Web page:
Home Business & TechEconomy World Coffee Producers Forum Seeks to Secure Members’ Better Future

World Coffee Producers Forum Seeks to Secure Members’ Better Future

by Williams Buningwire
1:33 am

World Coffee Producers Forum-Kigali

World Coffee Producers forum in KigaliThe 3rd World Coffee Producers Forum (WCPF) has convened in Kigali with participants proposing approaches that would bring good return on investment and make all players in the coffee value chain proud.

Taking place in Kigali city. The two-day conference comes to Rwanda after the 2nd edition of WCPF held in Campinas, Brazil in 2019.

The Forum is a not-for-profit organization formed in 2017 to analyze and address critical issues of common concern to growers across the globe.

With several coffee investors in attendance, the focus was on how to secure the future of a coffee sector where producers should be well-off, and creation of National Coffee Sustainability Plans.

The forum will also discuss how coffee producing countries should design and implement comprehensive coffee policies.

“While coffee firms are keen on expanding their customer base, reducing expenses, and increasing efficiency, coffee farmers still struggle to attain a fair share of the industry’s earnings,” Rwanda’s Minister of Agriculture and Animal Resources Gerardine Mukeshimana said.

“In many places, coffee producers cannot even cover their cost of production for increased profits. It is therefore imperative that we secure increased revenues and enhance welfare for coffee producers.”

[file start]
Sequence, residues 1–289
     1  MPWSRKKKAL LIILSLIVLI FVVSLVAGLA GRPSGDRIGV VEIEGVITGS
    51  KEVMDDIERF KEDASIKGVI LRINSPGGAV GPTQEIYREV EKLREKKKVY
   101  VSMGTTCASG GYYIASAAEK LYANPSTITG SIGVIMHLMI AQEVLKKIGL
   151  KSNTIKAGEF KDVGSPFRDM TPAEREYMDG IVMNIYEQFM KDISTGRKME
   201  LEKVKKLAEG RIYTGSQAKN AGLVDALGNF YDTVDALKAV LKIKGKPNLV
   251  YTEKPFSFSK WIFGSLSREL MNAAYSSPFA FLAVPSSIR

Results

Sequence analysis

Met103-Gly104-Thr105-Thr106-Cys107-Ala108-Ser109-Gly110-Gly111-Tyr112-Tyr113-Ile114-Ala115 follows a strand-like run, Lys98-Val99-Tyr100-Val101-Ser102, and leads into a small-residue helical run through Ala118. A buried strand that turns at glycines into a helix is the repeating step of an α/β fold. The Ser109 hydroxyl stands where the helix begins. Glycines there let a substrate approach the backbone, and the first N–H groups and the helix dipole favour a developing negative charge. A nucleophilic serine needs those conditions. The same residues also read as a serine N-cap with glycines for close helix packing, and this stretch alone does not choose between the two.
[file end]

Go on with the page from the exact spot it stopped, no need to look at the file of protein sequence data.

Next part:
She pointed out that to establish and promote a thriving coffee trade environment, governments and stakeholders alike need to involve and engage all farmers in the coffee industry, coordinate them, and incentivize them by making sure that their basic needs are met.

The government’s promotion of domestic coffee consumption aims to help Rwandans profit from their production while also assisting them in raising the standard of their product.

“Made in Rwanda” expos featuring locally grown beans while coffee roasters are increasingly available in hotels and restaurants.

According to Claude Bizimana, CEO of National Agricultural Export Development Board (NAEB), as far as Rwanda is concerned, “Drinking coffee is a culture. Many things are being done; youth creating jobs, establishing coffee shops, many people visiting the country. A lot of things are being done, for citizens to understand the culture of drinking coffee.”

The first thing, he said, is making sure that we have the best coffee, tasty to the client to find it worth the price he/she is being charged.

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